Red Sox pitcher Britton charged with DUI; Ortiz looks good
The 23-year-old was clocked at the maximum 111 miles an hour in a 45 mph zone in Estero, Fla., next to Boston's spring training home of Fort Myers, according to the arrest report. As police pursued, Britton swerved between other moving vehicles and hopped over a curb.
"This is a matter that the Red Sox take very seriously, and it is being addressed," the Red Sox said in a statement Tuesday. "The club will not make further comment on this matter."
The police report said the truck knocked down a barbed-wire fence, then continued on a dirt road for a quarter of a mile and tried to pull into a wooded area before stopping.
The arresting officer said Britton's breath smelled of alcohol, and he had slurred speech and bloodshot eyes. He refused a breath test, but the officer said he admitted he had been drinking. He was taken to a local jail.
Britton was one of three players sent to minor-league camp on Monday. He finished last season with Double-A Portland, and posted a 4-7 record with a 3.72 ERA in 16 starts.
The Sports Xchange
Ortiz running smoothly
After a successful baserunning exercise Monday morning, David Ortiz now believes he can live with the soreness in his Achilles tendon.
And that means he believes he will be ready in plenty of time for Opening Day.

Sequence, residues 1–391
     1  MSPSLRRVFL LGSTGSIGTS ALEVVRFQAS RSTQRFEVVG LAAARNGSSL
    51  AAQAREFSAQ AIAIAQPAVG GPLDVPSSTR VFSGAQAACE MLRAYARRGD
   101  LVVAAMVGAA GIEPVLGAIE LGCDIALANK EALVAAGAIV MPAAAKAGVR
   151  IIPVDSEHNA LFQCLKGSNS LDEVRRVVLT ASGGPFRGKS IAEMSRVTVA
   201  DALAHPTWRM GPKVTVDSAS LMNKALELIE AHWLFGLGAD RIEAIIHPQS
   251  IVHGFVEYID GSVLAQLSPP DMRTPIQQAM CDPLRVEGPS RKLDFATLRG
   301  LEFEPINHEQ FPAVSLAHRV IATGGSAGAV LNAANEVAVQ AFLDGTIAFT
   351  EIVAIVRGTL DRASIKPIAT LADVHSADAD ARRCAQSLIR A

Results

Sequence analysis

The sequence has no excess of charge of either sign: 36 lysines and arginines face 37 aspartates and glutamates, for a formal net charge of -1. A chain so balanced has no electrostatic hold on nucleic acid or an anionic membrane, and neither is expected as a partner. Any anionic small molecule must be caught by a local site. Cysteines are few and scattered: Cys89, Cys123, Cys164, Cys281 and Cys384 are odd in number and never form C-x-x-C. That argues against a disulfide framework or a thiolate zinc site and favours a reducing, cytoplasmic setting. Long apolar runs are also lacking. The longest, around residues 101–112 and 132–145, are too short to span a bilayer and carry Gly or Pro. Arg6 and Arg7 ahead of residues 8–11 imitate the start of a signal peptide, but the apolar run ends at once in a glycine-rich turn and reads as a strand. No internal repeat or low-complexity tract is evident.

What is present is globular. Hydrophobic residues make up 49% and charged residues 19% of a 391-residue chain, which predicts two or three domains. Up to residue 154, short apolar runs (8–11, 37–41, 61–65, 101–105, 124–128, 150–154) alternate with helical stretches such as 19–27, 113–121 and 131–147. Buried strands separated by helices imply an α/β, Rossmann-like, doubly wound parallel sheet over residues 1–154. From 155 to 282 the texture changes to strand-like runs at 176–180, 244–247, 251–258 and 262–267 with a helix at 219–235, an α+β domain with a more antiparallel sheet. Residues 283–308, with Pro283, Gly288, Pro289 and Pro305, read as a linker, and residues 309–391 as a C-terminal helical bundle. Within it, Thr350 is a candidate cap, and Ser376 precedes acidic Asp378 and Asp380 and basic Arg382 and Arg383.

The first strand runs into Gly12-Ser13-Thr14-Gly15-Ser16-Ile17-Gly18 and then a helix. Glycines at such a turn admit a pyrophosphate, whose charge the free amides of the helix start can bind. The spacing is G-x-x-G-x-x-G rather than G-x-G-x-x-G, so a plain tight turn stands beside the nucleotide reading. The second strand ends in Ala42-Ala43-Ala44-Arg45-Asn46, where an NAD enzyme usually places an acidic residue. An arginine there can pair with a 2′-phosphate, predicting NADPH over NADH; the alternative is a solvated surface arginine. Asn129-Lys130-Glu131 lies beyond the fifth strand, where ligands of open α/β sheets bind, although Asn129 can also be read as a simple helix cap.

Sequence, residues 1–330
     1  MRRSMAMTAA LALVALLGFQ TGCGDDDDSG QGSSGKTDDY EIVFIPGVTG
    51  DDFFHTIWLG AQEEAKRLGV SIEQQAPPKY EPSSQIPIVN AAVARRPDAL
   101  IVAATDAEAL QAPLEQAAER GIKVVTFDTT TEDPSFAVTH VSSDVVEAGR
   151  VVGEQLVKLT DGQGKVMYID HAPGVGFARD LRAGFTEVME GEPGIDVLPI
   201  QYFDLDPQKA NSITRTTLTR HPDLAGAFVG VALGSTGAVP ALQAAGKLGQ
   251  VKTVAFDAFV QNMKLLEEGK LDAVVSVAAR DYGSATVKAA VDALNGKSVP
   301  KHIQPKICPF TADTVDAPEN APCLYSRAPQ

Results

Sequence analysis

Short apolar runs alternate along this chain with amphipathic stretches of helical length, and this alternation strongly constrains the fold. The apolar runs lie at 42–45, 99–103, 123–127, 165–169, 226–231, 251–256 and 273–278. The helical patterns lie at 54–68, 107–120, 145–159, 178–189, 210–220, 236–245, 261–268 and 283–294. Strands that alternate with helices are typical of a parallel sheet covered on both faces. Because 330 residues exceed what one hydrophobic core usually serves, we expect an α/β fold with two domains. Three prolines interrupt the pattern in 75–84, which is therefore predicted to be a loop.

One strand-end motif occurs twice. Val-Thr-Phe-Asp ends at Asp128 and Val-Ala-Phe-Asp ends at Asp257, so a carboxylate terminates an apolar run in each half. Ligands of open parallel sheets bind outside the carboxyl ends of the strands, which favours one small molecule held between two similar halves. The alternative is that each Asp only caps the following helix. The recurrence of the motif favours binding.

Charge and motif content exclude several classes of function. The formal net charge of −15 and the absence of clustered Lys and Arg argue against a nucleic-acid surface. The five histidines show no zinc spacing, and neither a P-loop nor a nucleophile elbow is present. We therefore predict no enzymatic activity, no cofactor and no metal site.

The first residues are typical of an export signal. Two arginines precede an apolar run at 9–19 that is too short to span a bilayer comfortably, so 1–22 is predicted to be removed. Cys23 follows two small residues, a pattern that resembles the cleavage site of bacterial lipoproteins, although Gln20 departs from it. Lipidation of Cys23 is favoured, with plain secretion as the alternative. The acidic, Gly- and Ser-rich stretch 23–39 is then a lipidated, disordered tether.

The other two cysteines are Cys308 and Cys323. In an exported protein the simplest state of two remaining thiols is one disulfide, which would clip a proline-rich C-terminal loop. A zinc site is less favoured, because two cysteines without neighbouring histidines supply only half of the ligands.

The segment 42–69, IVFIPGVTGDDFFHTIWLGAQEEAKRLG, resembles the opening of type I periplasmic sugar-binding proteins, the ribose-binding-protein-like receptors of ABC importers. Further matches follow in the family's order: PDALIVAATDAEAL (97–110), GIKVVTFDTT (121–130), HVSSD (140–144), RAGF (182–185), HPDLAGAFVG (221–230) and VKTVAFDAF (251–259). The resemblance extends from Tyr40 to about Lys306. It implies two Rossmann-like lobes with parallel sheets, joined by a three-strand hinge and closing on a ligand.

"The main goal right now is to make sure I get to play down here - if I play down here, that means I'm good to go, you know what I'm saying?" said the designated hitter shortly after he ran at top speed along the bases on a back field.
First he ran one base a time, then two, then all four, repeating some segments, checking in along the way with training staff and manager John Farrell.
Ortiz said he ran better Monday than he normally does, joking that he was not up for one of his rare triples.
"I did it all today and nothing gave me a hard time," said Ortiz.
Farrell said that the running exercise added up to a "very encouraging day'' for Ortiz.
"Very aggressive - with each trip around the bases, he ran with a little bit more intensity," said Farrell. "He came out of it feeling good about himself and I'm sure (today) will be another baserunning drill that will be less intense and probably not as much volume."
Ortiz will run today as long as the stiffness he expected to develop at some point either last night or by this morning is not overwhelming. He is getting used to the idea that by ramping up his exercise routine, he will loosen up calcification near the slight tear of the Achilles. The soreness is not expected to dissipate overnight, but eventually the doctors believe that it will cease to be an issue.
In the meantime, Ortiz is learning how to cope with the lingering discomfort.
"The soreness situation, we're trying to manage right now, I'm trying to learn that part of it so if it happens during the season, I know how to manage it," said Ortiz. "If I need a day off, I'll talk to the manager about it. If I'm good to go, I'm good to go.
"It feels good. When I get it going, I'm fine, you know what I'm saying? The problem is once I cool off, I start getting soreness and stuff. The doctors say it will go away. It's just part of the treatment, part of (that I) started doing things. I wasn't running like that, you know what I'm saying? When you're injured, you have to start getting used to it."
And now, both he and the Red Sox want to get used to seeing him in the batter's box with increasing regularity.
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